The Kickstarter genie was now out of the bottle.

Even though I said I was going to concentrate on Star Trek fan films, I need to mention one important exception. In April of 2013, 91,585 donors raised more than $5.7 million on Kickstarter for a new Veronica Mars movie project…a new record for Kickstarter in the “Film” category. In fact, they raised the first $2 million in just 11 hours!!! This wasn’t just a fan film but rather a continuation of the series by the creators (with the blessing of Warner Brothers). But to the entertainment industry at large, it seemed like the world of film production was changing forever. If fans could fund the properties they loved to the tune of millions, suddenly the big film studios wouldn’t be holding all the cards. The future seemed very bright for the world of fan-funded films.


As the news of Veronica Mars’ wild success spread, an ambitious Kickstarter was launched to adapt the sci-fi book series “Star Wolf” by Star Trek writer David Gerrold (“The Trouble With Tribbles” and other episodes). But the exuberance over Veronica Mars resulted in a wildly unrealistic goal of $650,000 in one month being set for the “Star Wolf” campaign. They still managed an impressive $89,000 (thanks to public endorsements by the likes of Leonard Nimoy), but a new lesson was learned: don’t get greedy. But even more important: know your fan base, and make sure your fan base knows you. As popular as David Gerrold was to Trek fans, there wasn’t enough familiarity with his “Star Wolf” series to be able to generate even six figures of donations.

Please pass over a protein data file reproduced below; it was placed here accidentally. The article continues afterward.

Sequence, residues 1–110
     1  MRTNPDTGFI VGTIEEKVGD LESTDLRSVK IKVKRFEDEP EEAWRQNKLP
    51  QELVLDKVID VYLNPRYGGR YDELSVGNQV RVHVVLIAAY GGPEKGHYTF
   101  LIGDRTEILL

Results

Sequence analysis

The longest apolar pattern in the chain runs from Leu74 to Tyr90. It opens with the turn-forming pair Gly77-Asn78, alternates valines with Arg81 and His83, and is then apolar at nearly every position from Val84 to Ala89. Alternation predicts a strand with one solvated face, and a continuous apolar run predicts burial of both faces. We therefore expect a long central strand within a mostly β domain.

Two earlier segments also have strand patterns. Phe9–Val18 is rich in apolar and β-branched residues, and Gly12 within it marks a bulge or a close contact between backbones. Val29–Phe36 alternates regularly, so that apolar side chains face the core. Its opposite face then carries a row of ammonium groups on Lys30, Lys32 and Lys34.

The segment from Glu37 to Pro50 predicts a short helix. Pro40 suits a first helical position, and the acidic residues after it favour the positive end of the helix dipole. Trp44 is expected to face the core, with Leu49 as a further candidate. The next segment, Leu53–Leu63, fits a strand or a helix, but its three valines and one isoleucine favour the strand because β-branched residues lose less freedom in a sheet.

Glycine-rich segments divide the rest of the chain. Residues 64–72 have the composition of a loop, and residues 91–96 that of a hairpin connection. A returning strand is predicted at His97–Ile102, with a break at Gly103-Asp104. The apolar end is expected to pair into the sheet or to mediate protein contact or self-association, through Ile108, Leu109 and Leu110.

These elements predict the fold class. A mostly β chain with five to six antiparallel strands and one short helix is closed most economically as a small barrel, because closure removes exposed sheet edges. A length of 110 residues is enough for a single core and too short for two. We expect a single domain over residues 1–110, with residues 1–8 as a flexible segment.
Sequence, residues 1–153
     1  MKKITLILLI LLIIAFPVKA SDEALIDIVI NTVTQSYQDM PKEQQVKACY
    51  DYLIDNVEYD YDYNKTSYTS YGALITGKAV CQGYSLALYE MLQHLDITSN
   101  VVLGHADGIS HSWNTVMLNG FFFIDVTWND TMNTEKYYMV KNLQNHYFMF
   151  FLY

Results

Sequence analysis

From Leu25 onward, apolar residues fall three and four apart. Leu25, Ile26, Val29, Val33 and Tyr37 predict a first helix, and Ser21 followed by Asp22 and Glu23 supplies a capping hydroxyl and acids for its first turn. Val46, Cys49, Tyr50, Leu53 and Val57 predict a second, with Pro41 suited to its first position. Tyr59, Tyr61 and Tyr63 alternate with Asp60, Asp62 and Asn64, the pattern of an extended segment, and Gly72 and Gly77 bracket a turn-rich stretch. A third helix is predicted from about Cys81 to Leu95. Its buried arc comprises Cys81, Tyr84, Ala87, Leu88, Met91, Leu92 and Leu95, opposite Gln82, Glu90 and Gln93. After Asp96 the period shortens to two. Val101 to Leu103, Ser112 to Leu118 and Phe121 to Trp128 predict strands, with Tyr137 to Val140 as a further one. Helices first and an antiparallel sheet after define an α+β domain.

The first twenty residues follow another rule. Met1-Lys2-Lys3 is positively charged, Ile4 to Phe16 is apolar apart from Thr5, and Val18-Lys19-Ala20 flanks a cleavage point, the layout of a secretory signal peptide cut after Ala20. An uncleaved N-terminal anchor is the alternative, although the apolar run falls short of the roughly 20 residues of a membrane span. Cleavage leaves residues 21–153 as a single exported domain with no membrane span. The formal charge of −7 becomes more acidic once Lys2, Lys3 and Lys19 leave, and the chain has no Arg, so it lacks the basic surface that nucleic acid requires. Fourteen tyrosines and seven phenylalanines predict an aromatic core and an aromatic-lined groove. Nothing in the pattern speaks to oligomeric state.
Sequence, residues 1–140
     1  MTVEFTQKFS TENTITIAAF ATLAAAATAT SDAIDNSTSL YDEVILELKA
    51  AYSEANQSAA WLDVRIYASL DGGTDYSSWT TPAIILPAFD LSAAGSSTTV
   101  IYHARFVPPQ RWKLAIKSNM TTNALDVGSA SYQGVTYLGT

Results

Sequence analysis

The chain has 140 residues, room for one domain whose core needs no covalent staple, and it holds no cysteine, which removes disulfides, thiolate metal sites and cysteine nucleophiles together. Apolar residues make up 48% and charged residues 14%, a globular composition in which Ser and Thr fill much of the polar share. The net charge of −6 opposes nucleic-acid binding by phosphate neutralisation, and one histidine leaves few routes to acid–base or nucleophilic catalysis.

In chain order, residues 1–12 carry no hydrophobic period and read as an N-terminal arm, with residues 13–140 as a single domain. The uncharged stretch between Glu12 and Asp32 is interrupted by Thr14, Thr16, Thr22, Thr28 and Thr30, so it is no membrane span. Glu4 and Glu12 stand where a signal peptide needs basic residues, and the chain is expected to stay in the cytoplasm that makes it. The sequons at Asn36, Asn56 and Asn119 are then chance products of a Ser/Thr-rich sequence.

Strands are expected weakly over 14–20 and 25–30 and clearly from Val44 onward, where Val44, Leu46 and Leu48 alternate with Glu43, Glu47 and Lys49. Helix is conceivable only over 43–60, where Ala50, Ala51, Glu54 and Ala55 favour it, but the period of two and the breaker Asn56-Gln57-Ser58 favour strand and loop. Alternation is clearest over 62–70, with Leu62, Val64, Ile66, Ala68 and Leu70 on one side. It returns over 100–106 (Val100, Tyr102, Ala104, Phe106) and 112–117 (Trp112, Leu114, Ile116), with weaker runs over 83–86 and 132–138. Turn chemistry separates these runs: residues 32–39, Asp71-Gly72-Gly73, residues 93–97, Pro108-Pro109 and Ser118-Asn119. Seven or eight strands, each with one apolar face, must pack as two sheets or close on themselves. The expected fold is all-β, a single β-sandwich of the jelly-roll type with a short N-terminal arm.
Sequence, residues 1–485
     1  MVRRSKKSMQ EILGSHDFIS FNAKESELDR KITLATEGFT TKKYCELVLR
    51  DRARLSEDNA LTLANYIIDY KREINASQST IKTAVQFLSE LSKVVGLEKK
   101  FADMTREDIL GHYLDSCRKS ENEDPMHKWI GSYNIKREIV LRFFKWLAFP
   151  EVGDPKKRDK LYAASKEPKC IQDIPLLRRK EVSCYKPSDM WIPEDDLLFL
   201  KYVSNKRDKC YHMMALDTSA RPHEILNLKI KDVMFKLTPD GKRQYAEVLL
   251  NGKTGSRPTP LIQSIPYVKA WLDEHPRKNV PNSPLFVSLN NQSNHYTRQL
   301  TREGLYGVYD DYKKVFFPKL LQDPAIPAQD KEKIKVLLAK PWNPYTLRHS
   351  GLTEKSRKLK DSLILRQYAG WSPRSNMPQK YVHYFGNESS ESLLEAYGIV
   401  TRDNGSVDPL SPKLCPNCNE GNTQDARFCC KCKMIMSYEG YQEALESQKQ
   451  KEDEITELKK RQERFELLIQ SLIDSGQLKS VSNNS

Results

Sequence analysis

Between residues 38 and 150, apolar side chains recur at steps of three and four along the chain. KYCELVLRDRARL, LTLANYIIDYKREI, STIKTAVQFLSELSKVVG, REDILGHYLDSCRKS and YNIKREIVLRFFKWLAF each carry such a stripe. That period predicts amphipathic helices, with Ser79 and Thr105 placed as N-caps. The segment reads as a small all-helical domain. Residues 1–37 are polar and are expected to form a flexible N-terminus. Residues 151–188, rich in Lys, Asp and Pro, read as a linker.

Learning from these lessons and wanting to give it a go, the fan series Star Trek Continues launched a 30-day Kickstarter (what they called a “Kirkstarter”) in October of 2013 trying to raise money for their second episode, “Lolani” and two additional episodes. They did a lot of things right. First, they included their first, very impressive episode, “Pilgrim of Eternity” on their Kickstarter page. This showed what they could do (much as Renegades’ predecessor Of Gods and Men had done). Also, they set a “manageable” goal of $100,000. Too much? Perhaps. But they marketed the living daylights out of their campaign, posting updates daily (sometimes multiple updates each day!), and a month later, they had taken in $126,000 from nearly 3,000 backers.


Then came 2014 and Prelude to Axanar. Alec Peters had also learned the lessons of the Kickstarter…especially when you have nothing to show yet. Ultimately, his full-length Star Trek: Axanar film would require hundreds of thousands of dollars to produce (possibly more). But that money wasn’t going to come out of nowhere. Like Renegades and Star Trek Continues, Axanar needed to show what it could do. So Alec decided to first attempt a small Kickstarter to raise enough money to make a short documentary-style film that would be called Prelude to Axanar and show what they could accomplish with a little money (so they could justify asking for a LOT of money next).

That first Kickstarter campaign began in March 2014 and set a humble goal of $10,000. A short “talking head” video featured Alec Peters, Director Christian Gossett, and most notably, actor Richard Hatch (plus a few others) talking excitedly about the project and the professionals who were coming on board. There were also eye-catching 3D effects shots done by Tobias Richter scattered throughout the video. The concept was a fresh one in fan films, and along with some majestic, driving music, the video and the project itself really got people’s pulses pounding.

Hoping for $20,000 but not wanting to risk missing the mark and getting nothing (which is why they set a goal of only $10,000), the Axanar folks were stunned (in the best way!) when they reached $10,000 in the first day! Thirty days later, they finished at $101,000 from 2,123 donors. This allowed them to make the 20-minute Prelude to Axanar. That, in turn, allowed them to make history.